Call To Die

Then [Jesus] said to them all, "If anyone wants to come with Me, he must deny himself, take up his cross daily, and follow Me. For whoever wants to save his life will lose it, but whoever loses his life because of Me will save it. (Luke 9:23-24, HCSB)

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Follower of Christ, husband of Abby, member of Kosmosdale Baptist Church, and tutor/staff member at Sayers Classical Academy.

Friday, January 02, 2015

"Israel Means Israel"

The following post is adapted from comments I made in a Facebook discussion, wherein I was interacting with a number of Dispensationalists.

Some Dispensationalists understand “Israel,” as presented in Scripture, as only ever having one strict meaning: a meaning entirely dependent on ethnic and biological identity. This "Israel means Israel" approach by Dispensationalists gives me deja vu of debating Arminians. Arminians-arguing against the doctrine of Particular Redemption-often repeatedly pound the point that: "Christ died for the world! He died for all! World means world! All means all! Everybody knows what those words mean!" And the Reformed apologist says: well, we have to derive the meaning from the text of Scripture itself, not pre-suppose what the words mean.

The Arminian would say, concerning the assertion that "world" and "all" aren't universal in the way they imagine, that Reformed theologians are making God out to be a liar or a con artist when He uses those terms.

The Dispensationalist claims that "Israel means Israel" and that to suppose that the term "Israel" may sometimes include those who are not ethnically Jewish is to present God as a liar or a con artist. 

God is not a liar or a con artist.

Romans 9:6 explains, "But it is not as though the word of God has failed. For they are not all Israel who are descended from Israel."

Spiritually and covenantally, incorporation of believing Gentiles into covenantal Israel is presented in the New Testament, in the ingrafting language of Romans 11. Romans 11:26 and Galatians 6:16 refer to the Church as Israel. This becomes especially clear when one traces the arguments leading to these verses.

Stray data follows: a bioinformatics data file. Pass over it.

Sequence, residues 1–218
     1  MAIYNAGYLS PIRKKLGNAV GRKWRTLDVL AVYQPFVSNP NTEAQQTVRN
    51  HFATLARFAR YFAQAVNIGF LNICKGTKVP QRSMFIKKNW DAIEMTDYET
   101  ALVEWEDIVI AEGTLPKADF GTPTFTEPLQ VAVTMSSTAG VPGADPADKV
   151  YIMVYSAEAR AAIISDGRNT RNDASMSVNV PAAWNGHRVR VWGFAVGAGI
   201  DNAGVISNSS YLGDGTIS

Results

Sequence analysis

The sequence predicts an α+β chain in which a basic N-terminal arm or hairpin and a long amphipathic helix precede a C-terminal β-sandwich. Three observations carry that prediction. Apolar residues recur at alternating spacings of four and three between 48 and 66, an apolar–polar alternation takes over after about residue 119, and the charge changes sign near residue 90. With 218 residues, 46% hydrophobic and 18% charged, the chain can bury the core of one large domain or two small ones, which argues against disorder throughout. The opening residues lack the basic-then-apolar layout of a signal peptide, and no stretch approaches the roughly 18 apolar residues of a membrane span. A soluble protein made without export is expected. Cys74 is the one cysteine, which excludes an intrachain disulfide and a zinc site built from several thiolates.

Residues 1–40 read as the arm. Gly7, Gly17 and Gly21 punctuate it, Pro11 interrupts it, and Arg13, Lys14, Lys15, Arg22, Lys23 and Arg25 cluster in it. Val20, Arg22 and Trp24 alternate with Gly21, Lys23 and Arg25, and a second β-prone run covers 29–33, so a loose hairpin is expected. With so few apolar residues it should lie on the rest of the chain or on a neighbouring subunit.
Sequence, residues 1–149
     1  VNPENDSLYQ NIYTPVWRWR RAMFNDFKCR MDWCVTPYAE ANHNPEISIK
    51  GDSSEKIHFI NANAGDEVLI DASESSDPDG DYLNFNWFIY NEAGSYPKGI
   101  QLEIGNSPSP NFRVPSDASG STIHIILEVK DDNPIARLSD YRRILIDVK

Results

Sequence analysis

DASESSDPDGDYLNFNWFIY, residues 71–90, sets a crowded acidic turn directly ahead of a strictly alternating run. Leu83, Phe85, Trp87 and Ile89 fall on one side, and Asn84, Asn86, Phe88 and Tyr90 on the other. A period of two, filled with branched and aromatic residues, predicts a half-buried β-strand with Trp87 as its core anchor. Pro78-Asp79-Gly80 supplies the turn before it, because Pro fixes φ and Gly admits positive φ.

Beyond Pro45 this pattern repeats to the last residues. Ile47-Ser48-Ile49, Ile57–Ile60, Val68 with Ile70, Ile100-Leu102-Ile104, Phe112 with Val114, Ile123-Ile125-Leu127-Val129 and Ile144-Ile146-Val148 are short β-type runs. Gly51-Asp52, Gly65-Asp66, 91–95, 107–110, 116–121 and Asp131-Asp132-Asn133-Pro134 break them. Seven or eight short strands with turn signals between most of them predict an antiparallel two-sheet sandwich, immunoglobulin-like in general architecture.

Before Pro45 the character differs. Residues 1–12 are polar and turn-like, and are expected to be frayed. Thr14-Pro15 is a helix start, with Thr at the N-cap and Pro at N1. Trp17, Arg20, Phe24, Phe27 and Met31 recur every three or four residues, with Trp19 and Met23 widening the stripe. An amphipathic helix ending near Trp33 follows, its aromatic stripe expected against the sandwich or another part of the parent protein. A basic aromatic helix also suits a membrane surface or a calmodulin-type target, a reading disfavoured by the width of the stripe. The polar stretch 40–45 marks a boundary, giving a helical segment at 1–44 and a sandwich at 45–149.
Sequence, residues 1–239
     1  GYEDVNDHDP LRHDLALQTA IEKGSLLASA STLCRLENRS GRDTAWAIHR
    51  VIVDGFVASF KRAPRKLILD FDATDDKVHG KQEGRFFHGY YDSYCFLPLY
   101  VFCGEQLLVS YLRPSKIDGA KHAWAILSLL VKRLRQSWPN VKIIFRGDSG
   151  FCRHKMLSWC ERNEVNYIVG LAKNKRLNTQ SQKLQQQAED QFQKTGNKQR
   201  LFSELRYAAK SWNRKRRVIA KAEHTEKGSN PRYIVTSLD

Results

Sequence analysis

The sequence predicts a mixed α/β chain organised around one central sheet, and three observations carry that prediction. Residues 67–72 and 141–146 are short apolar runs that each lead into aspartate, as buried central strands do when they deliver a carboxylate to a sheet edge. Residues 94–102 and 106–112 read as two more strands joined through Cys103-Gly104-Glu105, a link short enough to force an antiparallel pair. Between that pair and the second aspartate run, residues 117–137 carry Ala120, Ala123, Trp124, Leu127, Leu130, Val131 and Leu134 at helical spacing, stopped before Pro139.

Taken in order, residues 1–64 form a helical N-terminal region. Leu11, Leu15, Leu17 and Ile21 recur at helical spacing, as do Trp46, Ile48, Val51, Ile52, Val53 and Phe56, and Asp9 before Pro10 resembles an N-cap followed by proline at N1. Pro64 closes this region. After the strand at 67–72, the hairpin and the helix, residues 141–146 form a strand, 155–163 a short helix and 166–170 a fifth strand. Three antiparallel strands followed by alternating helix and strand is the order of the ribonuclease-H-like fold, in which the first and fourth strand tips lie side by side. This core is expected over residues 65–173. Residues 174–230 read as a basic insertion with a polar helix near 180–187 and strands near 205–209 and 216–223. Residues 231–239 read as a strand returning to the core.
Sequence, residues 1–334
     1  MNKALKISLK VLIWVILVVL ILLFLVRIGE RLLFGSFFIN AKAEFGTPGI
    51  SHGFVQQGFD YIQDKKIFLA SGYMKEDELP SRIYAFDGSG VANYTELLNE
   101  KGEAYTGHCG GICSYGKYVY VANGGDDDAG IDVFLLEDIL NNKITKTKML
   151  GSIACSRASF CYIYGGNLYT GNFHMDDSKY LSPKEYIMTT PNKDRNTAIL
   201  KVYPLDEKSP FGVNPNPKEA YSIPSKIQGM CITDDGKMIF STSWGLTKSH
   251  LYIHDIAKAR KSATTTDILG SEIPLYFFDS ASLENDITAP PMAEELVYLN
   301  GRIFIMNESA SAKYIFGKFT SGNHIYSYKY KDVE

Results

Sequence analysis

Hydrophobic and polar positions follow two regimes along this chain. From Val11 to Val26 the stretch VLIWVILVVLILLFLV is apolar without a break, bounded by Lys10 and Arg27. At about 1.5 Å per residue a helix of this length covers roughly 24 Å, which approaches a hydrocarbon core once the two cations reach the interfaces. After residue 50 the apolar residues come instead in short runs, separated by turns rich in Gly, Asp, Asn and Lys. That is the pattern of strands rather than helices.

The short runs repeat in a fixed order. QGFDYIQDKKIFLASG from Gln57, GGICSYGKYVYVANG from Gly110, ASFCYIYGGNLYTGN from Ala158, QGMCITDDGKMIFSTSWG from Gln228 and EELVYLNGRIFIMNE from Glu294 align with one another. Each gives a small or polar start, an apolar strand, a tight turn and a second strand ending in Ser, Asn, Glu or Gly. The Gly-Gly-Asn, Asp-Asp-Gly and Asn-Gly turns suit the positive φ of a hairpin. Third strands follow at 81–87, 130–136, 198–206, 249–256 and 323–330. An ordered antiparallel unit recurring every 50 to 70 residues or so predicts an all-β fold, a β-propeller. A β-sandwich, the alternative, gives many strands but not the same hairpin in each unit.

The Dispensationalist objects that these verses may be considered “ambiguous”. But where is the single verse that unambiguously states that God is one is essence, while three in person? Contextual reading and synthesis are always necessary. When we look for evidence of Christ's deity, we do not limit ourselves to verses that say the three words: "Jesus is God". Another way that we prove the point is by looking to verses that use titles for Christ that are only proper for God. In the case of the Church–in a sense, through union with Christ–being identified with Israel, we see that the Church is called by names that are only fitting for Israel. Exodus 19:6 tells Israel: "you will be for me a kingdom of priests and a holy nation.” 1 Peter 2:9 tells the Church: "you are a chosen race, a royal priesthood, a holy nation." The Old Testament–in passages like Hosea 2, Isaiah 54, and Ezekiel 16–calls Israel the bride of the LORD. In the New Testament, we see the Church as the bride of Christ.

The LORD is not a bigamist.

In Galatians 6:16 it is clear what the Apostle is doing in the argument leading up to that verse (erasing the distinction between Jew and Gentile regarding God’s promises), and therefore clear what the phrase “Israel of God” means in that context. On the other hand, I do think that some Reformed writers tend to identify Israel as the Church without adequate attention paid to the necessary Christological step. Just as we are only–in any sense–sons of God through our union with the Son of God, we are only–in a certain sense–Israel through our union with the One in whom all of God's covenant promises are fulfilled.

Jesus is the true Israel. As the New Dictionary of Biblical Theology notes:

"Matthew makes this point dramatically in his opening chapters, first by applying the Exodus verse Hosea 11:1 to Jesus (Matt 2:15), and then by telling the story in a way that makes Jesus re-enact Israel's history: the Exodus from Egypt (2:19-20), the crossing of the Red Sea (3:13-17), the temptations in the desert (4:1-11), even the arrival at Mt. Sinai to receive the law (5:1-2). Perhaps most pointedly, it is Jesus on whom the Spirit descends (Matt 3:16), although the prophetic expectation was of an outpouring of the Spirit upon Israel (Isa 44:2-3; Eze 36:25-27). Where Israel had failed the temptations in the desert, Jesus now remains faithful to God.